Vocalist Randy Blythe of Richmond, Virginia metallers LAMB OF GOD has written a lengthy entry in his blog RANDONESIA where he shared his experiences of being in a metal band. A couple of excerpts from the posting follow below.
“Being a member of my band, lamb of god, has provided me with many different experiences. Some are incredibly exhilarating, such as watching one of my best friends jump out of an airplane right in front of me, then eight terrified seconds later following him into free fall high above the Nevada desert. Stepping onstage in front of a hundred or so thousand screaming people in the English countryside. Running wild through the streets of Tokyo at night, intoxicated on a heavy mixture of strong Japanese beer, jet lag, and the Blade Runner-esque neon skyline I had dreamed of seeing since my childhood.
“Some of the experiences aren’t so fun. Getting the flu and traveling around Europe in a sweaty haze, screaming my brains out for more than hour and trying to entertain the paying concert goers when I feel like I am going to pass out and/or defecate in my shorts on stage. Leaving home heartbroken after a terrible argument with my wife and not having time make it right before I fly to Australia for a month. Not being able to find a toilet that isn’t covered in excrement, vomit, blood, or urine and REALLY having to take a poop. The sheer exhaustion that settles in after rushing from airport to airport on far too little sleep for a couple of years in a row. It gets mind numbing at times.
“For me, being in a band, MY BAND, is often long, boring, stretches of “hurry up and wait”, interrupted by really intense moments of pure joy. Somewhere in the middle of these highs and lows is the experience I call my life. I really cherish all of these moments, the good AND the bad. I try not take them for granted, to examine them under the admittedly clouded and subjective microscope that is my perspective, learn from them, and become a better man. I try to understand them for what they are, and what they mean in the context of my life. Since I’ve put down the bottle, I believe I do a pretty good job of it most days. The quotidian can get rather bizarre at times, but it’s mine. I’m clear headed enough to remember it, and I wouldn’t have it any other way.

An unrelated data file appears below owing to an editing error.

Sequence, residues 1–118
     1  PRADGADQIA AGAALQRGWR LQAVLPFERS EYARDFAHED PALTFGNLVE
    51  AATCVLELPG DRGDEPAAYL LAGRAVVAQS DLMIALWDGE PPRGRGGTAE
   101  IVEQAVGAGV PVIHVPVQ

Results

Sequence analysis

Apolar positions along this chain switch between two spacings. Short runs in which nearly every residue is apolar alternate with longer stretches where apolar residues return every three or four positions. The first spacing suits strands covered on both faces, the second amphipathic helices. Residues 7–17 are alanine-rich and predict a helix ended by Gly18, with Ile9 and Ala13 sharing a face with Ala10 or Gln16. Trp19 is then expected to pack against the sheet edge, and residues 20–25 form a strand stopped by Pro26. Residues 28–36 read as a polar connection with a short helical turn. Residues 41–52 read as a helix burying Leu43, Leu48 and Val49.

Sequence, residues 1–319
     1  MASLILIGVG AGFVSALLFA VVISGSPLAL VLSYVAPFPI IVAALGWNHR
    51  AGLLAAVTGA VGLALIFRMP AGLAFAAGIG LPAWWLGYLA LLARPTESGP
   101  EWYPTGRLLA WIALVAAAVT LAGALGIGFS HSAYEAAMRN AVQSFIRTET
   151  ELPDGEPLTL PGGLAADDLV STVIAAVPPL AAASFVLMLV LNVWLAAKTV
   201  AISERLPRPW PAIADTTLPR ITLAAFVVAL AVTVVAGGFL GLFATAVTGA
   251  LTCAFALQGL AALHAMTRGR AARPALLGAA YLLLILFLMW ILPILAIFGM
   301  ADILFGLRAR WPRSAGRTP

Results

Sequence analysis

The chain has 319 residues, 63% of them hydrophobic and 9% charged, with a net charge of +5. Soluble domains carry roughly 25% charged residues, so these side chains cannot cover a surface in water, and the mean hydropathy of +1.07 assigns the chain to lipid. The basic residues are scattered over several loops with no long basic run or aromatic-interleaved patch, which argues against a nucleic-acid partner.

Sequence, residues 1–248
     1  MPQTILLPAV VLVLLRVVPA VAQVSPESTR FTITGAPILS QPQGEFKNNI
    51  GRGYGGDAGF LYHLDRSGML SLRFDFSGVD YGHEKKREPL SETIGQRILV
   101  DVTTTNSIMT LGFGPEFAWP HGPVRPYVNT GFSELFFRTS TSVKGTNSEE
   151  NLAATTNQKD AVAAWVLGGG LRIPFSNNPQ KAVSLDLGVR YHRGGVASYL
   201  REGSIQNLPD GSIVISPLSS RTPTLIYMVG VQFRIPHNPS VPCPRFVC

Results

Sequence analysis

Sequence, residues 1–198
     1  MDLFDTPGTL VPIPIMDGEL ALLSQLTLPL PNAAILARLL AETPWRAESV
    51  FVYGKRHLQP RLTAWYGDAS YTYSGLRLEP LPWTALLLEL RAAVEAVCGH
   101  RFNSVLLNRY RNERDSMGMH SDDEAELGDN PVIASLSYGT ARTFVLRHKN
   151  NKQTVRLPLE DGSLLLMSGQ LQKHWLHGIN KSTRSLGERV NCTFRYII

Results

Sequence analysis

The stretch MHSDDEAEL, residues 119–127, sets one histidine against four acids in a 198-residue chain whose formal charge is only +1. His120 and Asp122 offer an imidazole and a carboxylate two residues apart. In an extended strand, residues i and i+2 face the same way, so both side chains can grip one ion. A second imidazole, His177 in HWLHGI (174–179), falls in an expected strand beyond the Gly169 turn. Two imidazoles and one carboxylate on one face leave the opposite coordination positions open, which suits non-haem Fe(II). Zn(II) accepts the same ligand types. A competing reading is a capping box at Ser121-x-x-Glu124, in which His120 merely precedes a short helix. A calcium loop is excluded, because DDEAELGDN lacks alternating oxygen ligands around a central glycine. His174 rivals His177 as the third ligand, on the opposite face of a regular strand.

“But there are times that being in my band gives me a moment that makes me stop dead in my tracks and ask myself “Why am I experiencing this? Why me?” A few fleeting seconds on the clock that I don’t understand the exact nature of, ones I can’t seem to process, no matter how I look at them. A minute or two in my life I can’t immediately compartmentalize, yet I know is important to me, the way I view the world, my place in it, and my movement through it.”
Read the rest of Blythe‘s massive blog entry at this location.